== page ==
Judge criticises housing association over anti-social behaviour injunction bid, awards £27,500 damages for anti-discrimination counterclaim

A judge has strongly criticised Rosebery Housing Association on its mishandling of a case where it sought an injunction against residents for anti-social behaviour.

In Rosebery Housing Association Ltd v Williams & Anor [2021] EW Misc 22 (CC) His Honour Judge Luba QC said at the County Court at Central London that Rosebery “failed to come anywhere near establishing” that its response to the events complained about was proportionate and that its pursuit of the case had been “extraordinary” and “a forensic disaster”.

The application concerned Cara Williams and her mother Elaine Williams, although the latter gave undertakings to settle her case.

Rosebery sought an injunction under Part 1 of the Anti-social Behaviour, Crime and Policing Act 2014.

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Both women advanced a counterclaim based on alleged breaches by Rosebery of the anti-discrimination provisions in the Equality Act 2010, for which HHJ Luba awarded them damages of £27,500.

The voluminous complexity of evidence was such that Judge Luba complained and said this must not be repeated.

He said he was sent a two-volume trial bundle exceeding 1,500 pages, a further supplementary bundle, and a joint bundle of authorities and materials of more than 350 pages.

The court required the latter to be reduced to 25 items but this still exceeded 200 pages.

Judge Luba said: “Undaunted by the glut of material already put before the Court, counsels’ closing submissions referred to yet further material not in either bundle. This must not be repeated in any future county court trial in this class of case.”

The court heard the Williamses lived on Parkview Way, a residential street in Epsom and Ewell in which Cara Williams is a shared owner of a house with Rosebery.

Complaints about neighbour disputes had persisted for some years and in January 2020, Rosebery wrote to Cara Williams setting out complaints and giving her “one last opportunity” to avoid legal action.

However incidents continued that Rosebery said amounted to nuisance or harassment of other residents by her or her mother.

When the case first came to the county court in Kingston such a mass of material was presented that DJ Armstrong required Rosebery to reduce it to six sample cases of anti-social behaviour.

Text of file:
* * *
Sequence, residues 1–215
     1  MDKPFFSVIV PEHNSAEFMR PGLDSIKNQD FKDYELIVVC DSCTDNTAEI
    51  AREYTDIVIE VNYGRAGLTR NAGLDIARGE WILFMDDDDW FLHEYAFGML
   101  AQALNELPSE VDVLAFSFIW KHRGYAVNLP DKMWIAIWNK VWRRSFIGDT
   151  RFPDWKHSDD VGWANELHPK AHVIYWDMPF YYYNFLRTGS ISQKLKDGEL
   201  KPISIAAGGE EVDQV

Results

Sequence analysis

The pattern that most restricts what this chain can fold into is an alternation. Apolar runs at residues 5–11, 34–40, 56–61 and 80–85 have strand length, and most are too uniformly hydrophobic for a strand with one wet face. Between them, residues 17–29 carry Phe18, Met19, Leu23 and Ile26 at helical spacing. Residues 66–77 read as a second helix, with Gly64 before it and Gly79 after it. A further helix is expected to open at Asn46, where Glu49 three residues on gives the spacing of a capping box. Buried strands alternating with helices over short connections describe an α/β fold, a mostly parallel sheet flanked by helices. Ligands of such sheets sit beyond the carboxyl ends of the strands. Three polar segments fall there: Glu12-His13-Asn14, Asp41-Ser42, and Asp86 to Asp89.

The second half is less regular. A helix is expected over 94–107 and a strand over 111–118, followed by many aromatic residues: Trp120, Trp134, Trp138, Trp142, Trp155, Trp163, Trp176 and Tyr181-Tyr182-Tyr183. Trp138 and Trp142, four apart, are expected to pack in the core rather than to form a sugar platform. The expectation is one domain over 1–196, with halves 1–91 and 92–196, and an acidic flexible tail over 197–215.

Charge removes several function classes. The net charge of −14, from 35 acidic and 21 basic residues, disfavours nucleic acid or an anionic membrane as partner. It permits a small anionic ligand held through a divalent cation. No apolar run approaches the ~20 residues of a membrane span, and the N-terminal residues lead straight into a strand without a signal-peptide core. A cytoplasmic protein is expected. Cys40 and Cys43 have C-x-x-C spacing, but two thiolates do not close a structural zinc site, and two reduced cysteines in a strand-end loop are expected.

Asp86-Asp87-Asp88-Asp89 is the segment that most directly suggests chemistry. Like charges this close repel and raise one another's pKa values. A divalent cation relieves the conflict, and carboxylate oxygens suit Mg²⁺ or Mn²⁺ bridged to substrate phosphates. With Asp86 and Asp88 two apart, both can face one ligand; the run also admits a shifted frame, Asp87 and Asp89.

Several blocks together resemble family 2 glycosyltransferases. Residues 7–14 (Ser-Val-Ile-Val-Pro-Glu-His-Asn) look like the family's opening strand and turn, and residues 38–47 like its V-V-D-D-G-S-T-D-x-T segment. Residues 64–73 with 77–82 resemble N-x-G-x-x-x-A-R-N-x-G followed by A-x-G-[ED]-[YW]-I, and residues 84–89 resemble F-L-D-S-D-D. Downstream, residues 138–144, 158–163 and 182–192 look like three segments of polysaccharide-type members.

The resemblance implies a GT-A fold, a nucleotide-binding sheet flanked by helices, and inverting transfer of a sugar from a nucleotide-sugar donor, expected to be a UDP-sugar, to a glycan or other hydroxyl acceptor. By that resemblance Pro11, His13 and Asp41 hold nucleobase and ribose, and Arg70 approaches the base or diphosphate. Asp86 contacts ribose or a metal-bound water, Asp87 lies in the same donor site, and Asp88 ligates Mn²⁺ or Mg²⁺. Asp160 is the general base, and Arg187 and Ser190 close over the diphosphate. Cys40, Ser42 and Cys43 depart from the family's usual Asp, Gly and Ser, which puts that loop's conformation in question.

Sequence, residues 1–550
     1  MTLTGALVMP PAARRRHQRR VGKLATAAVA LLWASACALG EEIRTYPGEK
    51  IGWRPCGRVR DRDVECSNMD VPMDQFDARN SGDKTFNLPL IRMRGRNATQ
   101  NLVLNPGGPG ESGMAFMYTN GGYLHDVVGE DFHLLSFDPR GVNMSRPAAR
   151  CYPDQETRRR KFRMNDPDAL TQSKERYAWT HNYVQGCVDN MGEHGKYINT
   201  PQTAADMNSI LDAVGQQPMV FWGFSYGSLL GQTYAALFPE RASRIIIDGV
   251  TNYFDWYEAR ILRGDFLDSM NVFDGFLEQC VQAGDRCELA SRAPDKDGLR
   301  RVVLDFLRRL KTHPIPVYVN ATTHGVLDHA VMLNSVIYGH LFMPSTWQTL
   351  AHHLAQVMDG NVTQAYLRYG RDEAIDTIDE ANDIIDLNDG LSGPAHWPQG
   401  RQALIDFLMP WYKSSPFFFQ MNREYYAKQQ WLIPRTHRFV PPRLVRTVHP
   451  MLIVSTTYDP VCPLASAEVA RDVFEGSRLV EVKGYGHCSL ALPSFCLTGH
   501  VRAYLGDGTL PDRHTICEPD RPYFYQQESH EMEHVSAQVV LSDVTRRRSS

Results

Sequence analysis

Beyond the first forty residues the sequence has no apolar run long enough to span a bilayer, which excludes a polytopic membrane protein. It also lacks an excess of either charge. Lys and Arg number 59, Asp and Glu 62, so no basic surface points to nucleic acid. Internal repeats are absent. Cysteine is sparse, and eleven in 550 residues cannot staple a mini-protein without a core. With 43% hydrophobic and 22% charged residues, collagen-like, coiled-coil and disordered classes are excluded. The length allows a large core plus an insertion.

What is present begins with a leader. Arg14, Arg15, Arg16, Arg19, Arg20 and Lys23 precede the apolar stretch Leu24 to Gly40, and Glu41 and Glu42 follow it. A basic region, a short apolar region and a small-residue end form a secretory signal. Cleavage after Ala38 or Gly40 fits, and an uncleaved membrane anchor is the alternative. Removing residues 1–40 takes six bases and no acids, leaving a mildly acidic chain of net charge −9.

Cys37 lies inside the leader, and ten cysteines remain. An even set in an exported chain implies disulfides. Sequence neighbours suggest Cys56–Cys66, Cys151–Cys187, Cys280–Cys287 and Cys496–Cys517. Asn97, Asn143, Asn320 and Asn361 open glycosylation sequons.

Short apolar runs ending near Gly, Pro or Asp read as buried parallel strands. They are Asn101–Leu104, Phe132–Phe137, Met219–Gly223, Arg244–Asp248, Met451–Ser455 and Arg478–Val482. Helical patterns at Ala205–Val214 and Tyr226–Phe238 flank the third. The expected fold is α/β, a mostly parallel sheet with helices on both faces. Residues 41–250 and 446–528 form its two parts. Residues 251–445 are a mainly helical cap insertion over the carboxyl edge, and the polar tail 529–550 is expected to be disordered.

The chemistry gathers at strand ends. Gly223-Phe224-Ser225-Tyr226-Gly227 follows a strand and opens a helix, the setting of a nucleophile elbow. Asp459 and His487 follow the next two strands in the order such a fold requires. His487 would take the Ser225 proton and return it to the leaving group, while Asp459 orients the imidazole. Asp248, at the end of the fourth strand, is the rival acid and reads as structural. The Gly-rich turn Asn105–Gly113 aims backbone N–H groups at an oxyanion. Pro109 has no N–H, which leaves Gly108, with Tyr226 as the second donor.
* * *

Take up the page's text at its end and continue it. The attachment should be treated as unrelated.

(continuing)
These included verbal abuse of neighbours by Cara Williams, use of crude and abusive language to them, derogatory comments about a neighbour’s disabled son and that she played loud music.

Judge Luba found only the last incident complained of had any validity.

He said: “I regret that I could not have confidence in the accounts of either of the residents called by Rosebery.

“Each had, to some extent at least, either exaggerated their evidence or embellished it. I accept…that each of them was under great stress, but nevertheless I was given the firm impression that each had lost any sense of perspective and was determined to (in my own words) ‘bring Cara down’.”

He found neighbour Denise Bassett misrepresented an incident between Cara Williams and neighbours and could be heard on a recording of it “saying loudly ‘“her (Cara’s) case is going to Court on 25th October and I can’t wait’”.

Another neighbour called by Rosebery, Natalie Siveter “gave a partisan and inaccurate account in the face of incontrovertible evidence”.

The judge rejected a proposal from counsel that he should take account of the mass of material originally submitted and “grant broad injunctive relief ranging well beyond noise nuisance”.

He said: “I reject that submission. The directions of DJ Armstrong clearly limited the particulars of claim to six allegations which might, if proven, be said to be mere examples or illustrations of a class of activity or behaviour on Cara’s part.”

The judge said his finding of noise nuisance by Cara Williams was “essentially as a response to the unrestrained (by the authorities) nuisance of another resident, it is at the lower, if not lowest, rung of noise nuisance allegations likely to be established on any application for an anti-social behaviour injunction”.